There are a few unique things about eloping in Colorado that you’ll want to know before moving forward with your plans. But, those details are the same things that make Colorado such a perfect place to elope! Keep reading and you’ll learn how to elope in Colorado, what self-solemnization means, and what you’ll need to do to legally get married.
Colorado Elopements and Self Solemnization
You can marry yourselves in Colorado! Yep, you read that right. Self-solemnization is the ability to officiate your own wedding. Basically, it means the state does not require an officiant to preside over your elopement ceremony, and you can sign your own marriage certificate! Self-solemnization isn’t unique to only Colorado, but this state is one of those most familiar with the process, and it can help make your elopement planning easier.
- Self-solemnization is super easy and cuts down your elopement planning time and costs.
- No one except you two is required to be present and your elopement can be more private.
- You don’t need to worry about hiring another vendor (ie. an officiant).
- Saving costs
- Not worrying about having a stranger join both of you in marriage.
- Signing your own marriage license.
- Planning a ceremony without working around an officiant’s schedule.
Colorado’s self-solemnization allowance gives couples so much freedom to do their wedding their own way! But with this freedom comes very little direction during your ceremony. It’s just the both of you sharing your vows and exchanging rings. If you want some more help with how to organize this time, let me know!
How Many People Need to Be At A Colorado Elopement?
Most states require a minimum of five people for an elopement to be a legally binding marriage ceremony. Most states require the couple, an officiant, and two witnesses.
In Colorado, you legally only need two people present at your elopement. I’d argue, you need three – the two getting married, plus a rad photographer ready to document the day!
Of course, if you want to invite friends and family as guests, you’re more than welcome to! However, it’s nice that you don’t NEED anyone else to be there. If it’s your preference, we can plan an elopement day where no one except you and your partner is present.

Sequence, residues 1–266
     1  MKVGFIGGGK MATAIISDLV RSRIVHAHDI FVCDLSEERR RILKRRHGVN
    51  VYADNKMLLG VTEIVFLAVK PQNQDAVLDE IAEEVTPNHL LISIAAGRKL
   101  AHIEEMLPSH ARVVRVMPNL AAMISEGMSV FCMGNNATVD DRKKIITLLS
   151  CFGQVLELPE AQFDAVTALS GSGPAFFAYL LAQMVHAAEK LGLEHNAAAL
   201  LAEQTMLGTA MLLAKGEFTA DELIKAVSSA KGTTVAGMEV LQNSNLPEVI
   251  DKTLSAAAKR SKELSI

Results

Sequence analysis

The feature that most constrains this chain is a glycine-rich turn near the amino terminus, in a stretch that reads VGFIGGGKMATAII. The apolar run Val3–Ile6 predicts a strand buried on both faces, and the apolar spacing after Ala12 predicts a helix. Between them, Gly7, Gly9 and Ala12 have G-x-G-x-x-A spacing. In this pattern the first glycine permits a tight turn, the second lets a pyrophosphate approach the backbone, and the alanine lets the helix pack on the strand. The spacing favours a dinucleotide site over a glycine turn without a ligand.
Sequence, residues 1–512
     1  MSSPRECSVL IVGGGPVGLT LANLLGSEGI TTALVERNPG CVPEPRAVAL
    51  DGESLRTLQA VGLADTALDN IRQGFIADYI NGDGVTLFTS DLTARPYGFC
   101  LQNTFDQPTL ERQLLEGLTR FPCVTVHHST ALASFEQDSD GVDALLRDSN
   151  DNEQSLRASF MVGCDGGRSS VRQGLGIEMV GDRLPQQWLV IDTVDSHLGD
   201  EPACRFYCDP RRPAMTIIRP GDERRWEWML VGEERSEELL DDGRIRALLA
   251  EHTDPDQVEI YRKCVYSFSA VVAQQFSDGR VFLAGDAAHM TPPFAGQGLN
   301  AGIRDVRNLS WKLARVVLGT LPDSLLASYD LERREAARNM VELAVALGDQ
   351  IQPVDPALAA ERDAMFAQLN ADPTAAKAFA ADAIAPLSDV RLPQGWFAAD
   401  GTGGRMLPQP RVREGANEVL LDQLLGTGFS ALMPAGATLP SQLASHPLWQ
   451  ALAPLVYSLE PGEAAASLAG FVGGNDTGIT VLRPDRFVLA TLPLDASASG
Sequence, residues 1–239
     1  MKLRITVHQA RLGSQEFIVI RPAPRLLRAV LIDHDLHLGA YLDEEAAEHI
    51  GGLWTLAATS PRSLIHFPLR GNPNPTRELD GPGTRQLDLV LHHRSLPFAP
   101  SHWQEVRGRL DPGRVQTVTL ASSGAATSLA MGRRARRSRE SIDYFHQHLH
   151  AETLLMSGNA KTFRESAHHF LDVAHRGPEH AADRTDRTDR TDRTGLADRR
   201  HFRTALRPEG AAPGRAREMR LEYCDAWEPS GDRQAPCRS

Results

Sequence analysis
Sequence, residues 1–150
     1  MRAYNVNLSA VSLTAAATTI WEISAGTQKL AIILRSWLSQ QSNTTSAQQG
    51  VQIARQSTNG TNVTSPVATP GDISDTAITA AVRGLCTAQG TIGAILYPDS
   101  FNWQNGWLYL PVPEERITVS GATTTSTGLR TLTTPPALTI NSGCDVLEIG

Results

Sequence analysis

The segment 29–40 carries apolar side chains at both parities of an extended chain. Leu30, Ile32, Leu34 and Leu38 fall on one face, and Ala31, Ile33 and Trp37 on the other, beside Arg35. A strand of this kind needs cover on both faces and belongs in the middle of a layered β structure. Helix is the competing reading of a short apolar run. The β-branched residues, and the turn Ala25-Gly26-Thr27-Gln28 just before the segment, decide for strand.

- We can scout a location far out in the mountains where you’ll have privacy to share your vows, enjoy nature’s beauty, and spend time together without life’s typical distractions.
- I’ll step back, take photos, and help guide you if you’re new to the area. I like to think of Colorado as a “choose your own adventure” place to get married, and that level of freedom can be exciting!
Colorado Elopements: The Legal Stuff
To get legally married during a Colorado elopement, you’ll need to apply for a marriage license in person (both of you must go). If you are not able to apply in person, you can provide an Absentee Affidavit to the county you’re applying to and you’ll just need a copy of her/his valid I.D. and notarized signature. Click HERE for more information.
What You’ll Need
- an I.D. (passport, driver’s license, military I.D.)
- your social security number.
Questions You’ll Need to Answer
- The date that you are getting married
- Where you are marrying (license only valid in Colorado)
- The exact date and location of your divorce or previous spouse’s death.
- Both parties must be able to provide this information.
- If you were previously in a civil union and are marrying someone else, you must provide the name of your partner in the civil union.
- Know your relationship if related by blood
- The city and state where parents of both parties were born
- There is no waiting period to get married in Colorado, so once you have your license you’re good to go!
- However, I do recommend obtaining your papers at least a few days before your elopement – that’ll be one less thing to worry about!
- You’ll have 35 days to sign the license and become married.
- Then you have 63 days to return your license for processing.
Whether you want to get the paperwork processed before your elopement, or if you want to sign the certificate as part of your ceremony, the choice is entirely yours. To learn how to fill out your marriage license click HERE.
Unlike other places where there are waiting periods, officiant requirements, and witness requirements, Colorado is one of the most elopement friendly states in the country.
*This blog post is to help guide you in your process but should not be used as legal advice. Please review all Colorado law requirements to understand how to legally get married.*
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